The great difference between the historical fact of Easter and all others in the long record of events upon earth is that I feel that I was in the deepest sense a participator in it. I do not feel this way regarding any other fact in history, striking and moving as many of them are.
At the lovely Cathedral of Canterbury I was taken into those cool, shadowed cloisters and shown the place where the blood of a famous cleric ran down upon the gray stones. “This is the spot,” my guide said to me, “where Thomas Becket, the proud and powerful prelate, was at prayer when five of the king’s knights came upon him with drawn swords.” Becket was kneeling before the altar when they struck him, and his blood ran down upon the sacred stones. The story touches my heart. Its drama, struggle and tragedy come vividly before me. But I do not feel that it has anything to do with me. I come away from Canterbury grateful for a history lesson. But that is all.
I go to the place, dear to many, where Mary, Queen of Scots was beheaded. I ponder over her restless life with its continual storms blowing upon her until she had to die with the axe upon her slender neck. But I do not feel that her life and death have anything to do with me. I say, “Ah, yes! I remember the story.” And to me it is only a story.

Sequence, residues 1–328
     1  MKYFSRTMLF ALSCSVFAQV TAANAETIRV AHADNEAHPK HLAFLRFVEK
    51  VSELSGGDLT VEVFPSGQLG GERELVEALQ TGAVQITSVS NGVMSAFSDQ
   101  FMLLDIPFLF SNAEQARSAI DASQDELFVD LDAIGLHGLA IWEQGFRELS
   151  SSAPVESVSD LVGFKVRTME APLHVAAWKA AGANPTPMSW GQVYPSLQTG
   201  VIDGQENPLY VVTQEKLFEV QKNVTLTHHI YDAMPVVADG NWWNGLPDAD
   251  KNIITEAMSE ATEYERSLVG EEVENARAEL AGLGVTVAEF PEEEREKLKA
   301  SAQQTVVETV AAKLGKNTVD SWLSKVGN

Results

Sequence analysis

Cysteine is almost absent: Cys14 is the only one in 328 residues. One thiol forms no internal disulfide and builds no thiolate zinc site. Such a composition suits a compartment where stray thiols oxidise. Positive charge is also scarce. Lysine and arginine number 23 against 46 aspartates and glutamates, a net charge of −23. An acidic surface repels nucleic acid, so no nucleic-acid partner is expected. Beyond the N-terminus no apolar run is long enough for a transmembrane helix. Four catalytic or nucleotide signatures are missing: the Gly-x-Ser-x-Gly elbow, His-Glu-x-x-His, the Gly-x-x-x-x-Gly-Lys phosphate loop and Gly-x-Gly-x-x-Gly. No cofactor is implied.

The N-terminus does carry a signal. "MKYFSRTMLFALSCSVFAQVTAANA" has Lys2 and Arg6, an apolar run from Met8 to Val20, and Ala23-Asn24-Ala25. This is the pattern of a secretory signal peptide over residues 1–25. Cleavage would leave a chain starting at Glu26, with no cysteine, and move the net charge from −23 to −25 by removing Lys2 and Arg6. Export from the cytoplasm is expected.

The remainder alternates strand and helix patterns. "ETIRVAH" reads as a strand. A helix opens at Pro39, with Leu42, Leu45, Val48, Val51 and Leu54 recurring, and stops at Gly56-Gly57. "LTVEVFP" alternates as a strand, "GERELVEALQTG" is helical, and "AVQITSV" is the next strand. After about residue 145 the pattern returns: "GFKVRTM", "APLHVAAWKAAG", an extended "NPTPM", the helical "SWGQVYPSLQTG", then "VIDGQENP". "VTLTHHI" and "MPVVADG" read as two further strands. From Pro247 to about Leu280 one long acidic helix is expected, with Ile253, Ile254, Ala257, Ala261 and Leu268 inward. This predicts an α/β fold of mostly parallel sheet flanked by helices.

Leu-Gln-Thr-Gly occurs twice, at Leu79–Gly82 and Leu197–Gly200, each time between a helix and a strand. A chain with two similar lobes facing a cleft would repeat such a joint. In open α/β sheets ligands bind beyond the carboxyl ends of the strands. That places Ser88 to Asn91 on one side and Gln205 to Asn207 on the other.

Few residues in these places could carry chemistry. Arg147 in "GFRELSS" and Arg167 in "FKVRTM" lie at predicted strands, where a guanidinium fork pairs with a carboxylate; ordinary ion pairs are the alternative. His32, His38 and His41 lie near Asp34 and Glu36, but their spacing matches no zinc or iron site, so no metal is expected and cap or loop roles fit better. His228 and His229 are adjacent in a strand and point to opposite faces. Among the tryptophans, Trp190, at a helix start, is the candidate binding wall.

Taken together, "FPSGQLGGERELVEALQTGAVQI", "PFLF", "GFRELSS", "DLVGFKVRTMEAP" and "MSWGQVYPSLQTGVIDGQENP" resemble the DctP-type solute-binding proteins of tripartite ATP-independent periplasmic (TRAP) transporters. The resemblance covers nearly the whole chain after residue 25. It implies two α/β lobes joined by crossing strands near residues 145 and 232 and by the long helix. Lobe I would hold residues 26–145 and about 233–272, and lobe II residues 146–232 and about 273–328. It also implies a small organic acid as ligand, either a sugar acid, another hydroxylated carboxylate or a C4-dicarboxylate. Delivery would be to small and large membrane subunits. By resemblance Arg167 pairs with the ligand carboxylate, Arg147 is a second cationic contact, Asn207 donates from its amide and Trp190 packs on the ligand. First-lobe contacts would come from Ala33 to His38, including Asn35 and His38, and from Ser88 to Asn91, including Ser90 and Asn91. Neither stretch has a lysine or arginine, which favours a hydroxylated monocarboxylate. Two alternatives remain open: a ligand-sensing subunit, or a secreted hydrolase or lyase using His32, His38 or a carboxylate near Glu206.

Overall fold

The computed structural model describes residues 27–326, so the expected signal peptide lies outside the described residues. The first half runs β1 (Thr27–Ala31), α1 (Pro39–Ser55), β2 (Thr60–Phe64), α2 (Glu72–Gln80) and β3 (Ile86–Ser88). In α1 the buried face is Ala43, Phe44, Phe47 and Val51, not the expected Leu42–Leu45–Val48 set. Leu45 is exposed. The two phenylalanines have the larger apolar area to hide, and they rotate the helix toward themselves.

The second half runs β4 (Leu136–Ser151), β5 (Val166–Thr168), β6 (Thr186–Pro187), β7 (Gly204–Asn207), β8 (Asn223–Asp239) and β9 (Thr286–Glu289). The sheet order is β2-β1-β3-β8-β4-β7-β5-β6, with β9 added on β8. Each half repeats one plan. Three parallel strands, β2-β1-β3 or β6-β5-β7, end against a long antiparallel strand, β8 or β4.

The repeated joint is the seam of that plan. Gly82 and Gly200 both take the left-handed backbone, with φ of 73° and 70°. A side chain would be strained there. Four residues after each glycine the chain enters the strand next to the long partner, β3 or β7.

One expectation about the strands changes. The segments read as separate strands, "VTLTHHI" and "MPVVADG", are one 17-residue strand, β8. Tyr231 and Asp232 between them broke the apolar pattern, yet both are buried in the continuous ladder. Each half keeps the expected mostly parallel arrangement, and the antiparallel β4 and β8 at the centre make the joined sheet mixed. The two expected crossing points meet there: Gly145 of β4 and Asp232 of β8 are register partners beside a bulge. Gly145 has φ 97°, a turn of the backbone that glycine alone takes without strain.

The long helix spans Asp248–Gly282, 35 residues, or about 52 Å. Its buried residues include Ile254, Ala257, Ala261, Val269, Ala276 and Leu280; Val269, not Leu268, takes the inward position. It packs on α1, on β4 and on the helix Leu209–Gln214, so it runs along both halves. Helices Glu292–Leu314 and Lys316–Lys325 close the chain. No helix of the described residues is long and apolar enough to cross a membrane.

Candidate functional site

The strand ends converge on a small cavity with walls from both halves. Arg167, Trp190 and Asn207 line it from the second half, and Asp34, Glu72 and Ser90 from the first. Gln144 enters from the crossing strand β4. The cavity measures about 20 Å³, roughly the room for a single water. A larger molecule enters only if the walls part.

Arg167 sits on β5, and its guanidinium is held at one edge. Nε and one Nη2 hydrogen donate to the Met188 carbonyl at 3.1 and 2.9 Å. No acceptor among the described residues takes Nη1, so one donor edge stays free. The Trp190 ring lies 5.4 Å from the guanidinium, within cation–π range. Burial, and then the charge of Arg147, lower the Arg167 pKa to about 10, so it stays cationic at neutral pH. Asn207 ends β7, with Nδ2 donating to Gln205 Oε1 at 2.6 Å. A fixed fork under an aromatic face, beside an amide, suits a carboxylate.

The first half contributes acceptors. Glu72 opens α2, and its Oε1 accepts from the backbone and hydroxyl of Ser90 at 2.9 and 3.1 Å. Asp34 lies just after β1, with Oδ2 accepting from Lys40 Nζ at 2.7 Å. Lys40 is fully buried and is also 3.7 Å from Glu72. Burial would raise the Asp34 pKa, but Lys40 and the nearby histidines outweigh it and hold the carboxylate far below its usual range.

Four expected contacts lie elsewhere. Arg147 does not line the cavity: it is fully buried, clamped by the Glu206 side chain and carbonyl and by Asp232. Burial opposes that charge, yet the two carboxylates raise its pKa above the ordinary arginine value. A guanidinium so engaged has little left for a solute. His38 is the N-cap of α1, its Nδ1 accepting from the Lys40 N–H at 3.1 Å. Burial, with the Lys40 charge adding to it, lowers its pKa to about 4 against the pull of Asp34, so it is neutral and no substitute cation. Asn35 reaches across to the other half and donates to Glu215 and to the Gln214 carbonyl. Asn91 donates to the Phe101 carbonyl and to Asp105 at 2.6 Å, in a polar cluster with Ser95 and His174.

But I go home from a meeting, late in the evening, and I feel I would like to hear a little music. So I put on my player a record by the International Staff Band, and I hear men’s voices singing the old spiritual, “Were you there when they crucified my Lord?” And I feel deeply and inescapably that the question is for me. I reply, “Yes! I was there! Indeed, I was there!”
This matter has to do with me as no other fact in history. Why do I feel like this? It is not because of an emotional reaction to an oft-told story. This matter goes deeper than that. I am brought to Calvary by my sin, by my need of forgiveness, by my identity with the human race in its need of a Savior.
We must all come near to the cross, with our guilt, our hopes and fears. Here we will find the answer to our deepest needs. It must be a personal approach that we make to Calvary. Until we can say “I was there!” we cannot know the true meaning of the central fact in all history.
Albert Orsborn, The War Cry